Before you got married you may have thought about getting a prenuptial agreement but decided against it. Perhaps it seemed unromantic or a sign of a lack of trust in your soon-to-be spouse. Or, maybe with all that goes into planning a wedding you simply never got around to it. At first, it may not seem like such a big deal, and you set the notion aside.
Now, however, you are married and are concerned about how your financial future will look if you divorce. At this time, you may want to consider executing a postnuptial agreement even if your marriage is solid, but especially if you are worried about its future.
What is a postnup?
A postnup is essentially the same as a prenup but it is executed while you are married, not before. A postnup can outline who owns what should you divorce. It can also lay out responsibilities regarding your finances during your marriage. Postnups cannot address child custody or child support issues. These must be settled through state law.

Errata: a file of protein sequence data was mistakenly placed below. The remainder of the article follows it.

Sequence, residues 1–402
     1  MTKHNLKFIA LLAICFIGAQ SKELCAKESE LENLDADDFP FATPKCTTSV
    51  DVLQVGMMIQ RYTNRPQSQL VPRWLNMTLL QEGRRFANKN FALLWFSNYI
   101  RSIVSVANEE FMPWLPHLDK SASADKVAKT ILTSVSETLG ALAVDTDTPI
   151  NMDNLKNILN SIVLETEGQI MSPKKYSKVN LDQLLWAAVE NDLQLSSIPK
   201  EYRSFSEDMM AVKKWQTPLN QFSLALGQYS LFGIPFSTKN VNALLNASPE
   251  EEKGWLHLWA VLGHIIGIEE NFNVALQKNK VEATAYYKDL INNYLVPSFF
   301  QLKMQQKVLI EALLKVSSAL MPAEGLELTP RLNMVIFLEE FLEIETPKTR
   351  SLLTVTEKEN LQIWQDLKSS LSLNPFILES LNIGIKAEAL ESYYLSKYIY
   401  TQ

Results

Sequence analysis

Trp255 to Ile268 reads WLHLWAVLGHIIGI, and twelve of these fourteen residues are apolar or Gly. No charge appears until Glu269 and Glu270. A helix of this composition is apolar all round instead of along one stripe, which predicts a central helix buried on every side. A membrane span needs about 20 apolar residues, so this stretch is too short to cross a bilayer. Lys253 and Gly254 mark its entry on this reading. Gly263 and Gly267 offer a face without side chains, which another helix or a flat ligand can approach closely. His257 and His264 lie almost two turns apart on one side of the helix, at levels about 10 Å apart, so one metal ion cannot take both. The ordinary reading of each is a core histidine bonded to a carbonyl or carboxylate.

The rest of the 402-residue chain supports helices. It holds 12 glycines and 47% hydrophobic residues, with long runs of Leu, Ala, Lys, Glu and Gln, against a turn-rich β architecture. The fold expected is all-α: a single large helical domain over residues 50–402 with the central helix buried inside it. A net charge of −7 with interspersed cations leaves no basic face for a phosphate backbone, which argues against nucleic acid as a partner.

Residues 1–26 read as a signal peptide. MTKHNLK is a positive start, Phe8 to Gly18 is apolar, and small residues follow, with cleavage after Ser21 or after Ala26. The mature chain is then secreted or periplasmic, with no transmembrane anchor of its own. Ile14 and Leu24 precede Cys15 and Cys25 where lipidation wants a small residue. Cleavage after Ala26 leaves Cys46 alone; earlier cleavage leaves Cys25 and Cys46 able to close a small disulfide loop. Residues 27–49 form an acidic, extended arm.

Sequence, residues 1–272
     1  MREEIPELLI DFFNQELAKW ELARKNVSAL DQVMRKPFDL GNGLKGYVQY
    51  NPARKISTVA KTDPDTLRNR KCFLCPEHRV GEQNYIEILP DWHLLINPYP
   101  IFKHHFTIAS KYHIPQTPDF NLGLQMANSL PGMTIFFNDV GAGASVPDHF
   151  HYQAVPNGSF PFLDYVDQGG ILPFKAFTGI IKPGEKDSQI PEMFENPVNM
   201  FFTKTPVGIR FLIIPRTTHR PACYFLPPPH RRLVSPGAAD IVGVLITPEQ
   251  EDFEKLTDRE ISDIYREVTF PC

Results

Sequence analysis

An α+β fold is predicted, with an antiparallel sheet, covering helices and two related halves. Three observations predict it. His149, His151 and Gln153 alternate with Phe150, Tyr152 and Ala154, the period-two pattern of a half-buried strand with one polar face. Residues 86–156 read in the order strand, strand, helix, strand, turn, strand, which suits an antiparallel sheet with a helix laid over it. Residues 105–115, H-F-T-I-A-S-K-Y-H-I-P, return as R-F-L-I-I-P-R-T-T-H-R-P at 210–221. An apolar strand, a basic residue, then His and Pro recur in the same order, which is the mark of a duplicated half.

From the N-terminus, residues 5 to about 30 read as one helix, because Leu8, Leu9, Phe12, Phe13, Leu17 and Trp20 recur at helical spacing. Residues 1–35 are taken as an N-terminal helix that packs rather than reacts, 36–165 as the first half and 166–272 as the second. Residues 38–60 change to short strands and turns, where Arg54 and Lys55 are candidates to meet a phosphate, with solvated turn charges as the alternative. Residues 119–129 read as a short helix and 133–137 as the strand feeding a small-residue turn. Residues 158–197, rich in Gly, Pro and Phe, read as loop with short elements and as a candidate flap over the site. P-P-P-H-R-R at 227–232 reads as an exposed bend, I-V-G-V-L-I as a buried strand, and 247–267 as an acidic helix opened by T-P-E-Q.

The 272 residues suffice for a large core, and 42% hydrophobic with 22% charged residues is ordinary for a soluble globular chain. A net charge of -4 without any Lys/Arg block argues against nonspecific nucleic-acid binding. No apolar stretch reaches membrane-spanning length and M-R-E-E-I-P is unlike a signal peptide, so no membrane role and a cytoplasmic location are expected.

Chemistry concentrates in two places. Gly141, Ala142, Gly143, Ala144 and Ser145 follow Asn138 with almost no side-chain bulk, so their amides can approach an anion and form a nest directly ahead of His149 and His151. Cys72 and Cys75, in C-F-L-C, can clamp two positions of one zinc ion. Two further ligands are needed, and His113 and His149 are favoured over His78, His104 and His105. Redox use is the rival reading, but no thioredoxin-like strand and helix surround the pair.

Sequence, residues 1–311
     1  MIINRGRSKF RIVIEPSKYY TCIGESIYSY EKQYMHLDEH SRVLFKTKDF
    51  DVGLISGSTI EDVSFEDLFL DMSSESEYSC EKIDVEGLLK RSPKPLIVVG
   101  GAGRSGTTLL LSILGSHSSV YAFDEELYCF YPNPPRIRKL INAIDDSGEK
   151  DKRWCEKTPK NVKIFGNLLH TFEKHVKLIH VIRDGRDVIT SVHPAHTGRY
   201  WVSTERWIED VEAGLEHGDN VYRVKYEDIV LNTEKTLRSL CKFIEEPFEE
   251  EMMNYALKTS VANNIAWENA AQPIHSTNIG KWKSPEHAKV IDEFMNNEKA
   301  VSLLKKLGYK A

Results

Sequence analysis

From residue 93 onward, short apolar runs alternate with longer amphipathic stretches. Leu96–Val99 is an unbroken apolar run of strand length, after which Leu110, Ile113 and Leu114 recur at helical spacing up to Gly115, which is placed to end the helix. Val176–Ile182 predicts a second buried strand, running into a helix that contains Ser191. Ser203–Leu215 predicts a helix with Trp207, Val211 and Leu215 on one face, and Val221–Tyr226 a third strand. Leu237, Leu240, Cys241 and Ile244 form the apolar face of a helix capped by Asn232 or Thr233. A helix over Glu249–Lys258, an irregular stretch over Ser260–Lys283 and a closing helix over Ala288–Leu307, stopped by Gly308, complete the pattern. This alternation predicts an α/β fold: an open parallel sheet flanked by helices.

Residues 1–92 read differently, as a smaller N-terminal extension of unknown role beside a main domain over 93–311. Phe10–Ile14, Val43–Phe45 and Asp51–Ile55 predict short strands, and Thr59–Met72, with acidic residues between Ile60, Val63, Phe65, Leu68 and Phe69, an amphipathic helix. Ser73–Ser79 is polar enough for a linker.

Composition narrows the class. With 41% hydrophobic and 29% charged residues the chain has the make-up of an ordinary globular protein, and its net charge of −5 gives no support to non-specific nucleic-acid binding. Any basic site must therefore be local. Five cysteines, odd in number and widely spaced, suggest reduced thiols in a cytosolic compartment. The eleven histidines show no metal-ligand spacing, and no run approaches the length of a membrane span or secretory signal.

Postnups have some advantages. Postnups can establish rights in advance of a separation. Postnups can address inheritance rights. Postnups can also allow a party to waive inheritance rights.
How to make a postnup enforceable
While each state has its own laws regarding postnups, postnup must meet these five general elements.
First, a postnup must be made in writing. Both spouses must voluntarily enter into the agreement. All assets and liabilities must be fully disclosed when the postnup is executed. The terms of the postnup must not be unconscionable. Finally, both spouses must sign the postnup.
Postnups can ultimately be as useful as prenups. Each document serves as a means of making a possible divorce run as smoothly as possible. They may not be romantic, but they are the act of responsible couples who view their relationship pragmatically.